Maybe Bob can offer some clarity and insight to that matter as well.

  127. Paul and Alex,
    I will be praying for y’all and for the lawsuit. Praying that you will get justice to some extent in this life. If it isn’t at least I don’t have to pray it will be given in the next, I already know that will happen. Just remember, that certain people need to remember that the God of the universe misses nothing and knows all of our motives.
    May God bless you and bring justice swiftly!

  128. Chile says:

    Paul, thanks for the clarification.

    I hate what you’ve had to go through. It’s just wrong on so many fronts.

  129. Chile says:

    Derek, I agree with you about the muddied waters.

  130. Paul Grenier says:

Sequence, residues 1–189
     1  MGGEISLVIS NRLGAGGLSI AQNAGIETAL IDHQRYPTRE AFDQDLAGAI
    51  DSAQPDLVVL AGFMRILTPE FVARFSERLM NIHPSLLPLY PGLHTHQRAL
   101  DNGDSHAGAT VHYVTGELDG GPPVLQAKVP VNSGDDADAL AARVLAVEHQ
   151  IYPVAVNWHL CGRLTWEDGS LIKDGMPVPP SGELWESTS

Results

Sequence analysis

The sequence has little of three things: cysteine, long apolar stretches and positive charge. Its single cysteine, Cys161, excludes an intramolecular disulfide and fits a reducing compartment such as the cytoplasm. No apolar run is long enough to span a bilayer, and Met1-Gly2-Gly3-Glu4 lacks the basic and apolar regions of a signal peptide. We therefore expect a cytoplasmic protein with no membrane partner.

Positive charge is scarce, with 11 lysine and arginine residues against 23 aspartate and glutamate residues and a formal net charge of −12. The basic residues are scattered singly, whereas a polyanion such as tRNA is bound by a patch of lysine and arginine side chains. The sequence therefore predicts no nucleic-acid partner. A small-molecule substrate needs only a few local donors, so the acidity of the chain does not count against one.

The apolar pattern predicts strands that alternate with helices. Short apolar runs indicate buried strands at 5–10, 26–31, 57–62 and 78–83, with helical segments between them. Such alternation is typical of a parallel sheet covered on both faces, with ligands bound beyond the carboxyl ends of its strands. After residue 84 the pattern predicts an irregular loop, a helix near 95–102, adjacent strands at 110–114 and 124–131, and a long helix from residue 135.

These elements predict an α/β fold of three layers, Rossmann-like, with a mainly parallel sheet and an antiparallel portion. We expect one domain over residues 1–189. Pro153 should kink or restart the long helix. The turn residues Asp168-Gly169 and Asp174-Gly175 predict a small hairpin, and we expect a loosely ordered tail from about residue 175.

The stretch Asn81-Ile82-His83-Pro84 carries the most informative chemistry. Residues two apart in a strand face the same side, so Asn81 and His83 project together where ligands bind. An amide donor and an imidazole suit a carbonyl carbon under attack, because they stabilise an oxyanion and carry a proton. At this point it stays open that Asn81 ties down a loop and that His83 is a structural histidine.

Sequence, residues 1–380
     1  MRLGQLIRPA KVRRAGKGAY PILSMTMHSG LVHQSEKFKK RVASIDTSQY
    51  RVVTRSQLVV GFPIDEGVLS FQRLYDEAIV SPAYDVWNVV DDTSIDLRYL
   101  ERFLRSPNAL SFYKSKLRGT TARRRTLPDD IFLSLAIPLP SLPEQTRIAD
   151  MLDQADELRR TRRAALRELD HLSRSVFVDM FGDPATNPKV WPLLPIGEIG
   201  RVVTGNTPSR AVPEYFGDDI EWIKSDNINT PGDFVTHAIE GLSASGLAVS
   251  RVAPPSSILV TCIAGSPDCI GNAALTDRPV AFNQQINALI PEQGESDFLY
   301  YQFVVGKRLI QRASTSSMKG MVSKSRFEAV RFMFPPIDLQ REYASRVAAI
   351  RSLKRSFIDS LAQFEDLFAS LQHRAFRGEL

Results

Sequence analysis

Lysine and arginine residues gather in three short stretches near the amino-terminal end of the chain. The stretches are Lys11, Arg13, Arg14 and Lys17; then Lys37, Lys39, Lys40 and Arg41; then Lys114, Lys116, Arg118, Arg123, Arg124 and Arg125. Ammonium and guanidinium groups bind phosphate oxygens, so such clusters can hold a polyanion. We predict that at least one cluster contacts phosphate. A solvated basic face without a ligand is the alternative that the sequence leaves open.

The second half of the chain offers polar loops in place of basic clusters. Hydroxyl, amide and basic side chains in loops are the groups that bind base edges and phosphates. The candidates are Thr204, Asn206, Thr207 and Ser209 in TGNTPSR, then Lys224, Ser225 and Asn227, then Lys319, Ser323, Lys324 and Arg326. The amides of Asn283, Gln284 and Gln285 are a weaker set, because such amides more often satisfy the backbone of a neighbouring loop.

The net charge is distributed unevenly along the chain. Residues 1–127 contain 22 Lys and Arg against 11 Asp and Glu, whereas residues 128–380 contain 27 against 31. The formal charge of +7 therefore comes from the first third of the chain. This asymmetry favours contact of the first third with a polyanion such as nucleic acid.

Thank you, Chile. I appreciate that and all of the kind words from everyone at PP. And thank you to Michael as well who I think is an extremely fair-minded person. This is way more than I normally blog but I enjoyed reading the interesting and well written posts. Bonsoir.

  131. Chile says:

    Paul @ 126, yes, that was one of the stories I remember from your deposition, I think.

    Ya know, you are right. If Bob is granting interviews to the press and speaking about this from his pulpit, then these issues could and should be addressed.

    Note to Twitterers: Tell news people to ask questions to clarify

    A. Why are Bob and Gail not in relationship with their kids?
    1. Is it because the kids cut them out and they are heart broken as originally stated
    2. Or is it because the kids are evil and in sin?

    B. Clarify, asking if Bob agrees he made a statement to his own brother that the reason he won’t have a relationship with his blood son, Paul, is because Paul says he’s gay?

  132. Chile says:

    i appreciate your rare appearance, Paul!

  133. Steve Wright says:

    Neither of these would apply to the Bob Grenier situation.
    Chile. That was the foundation for my question above.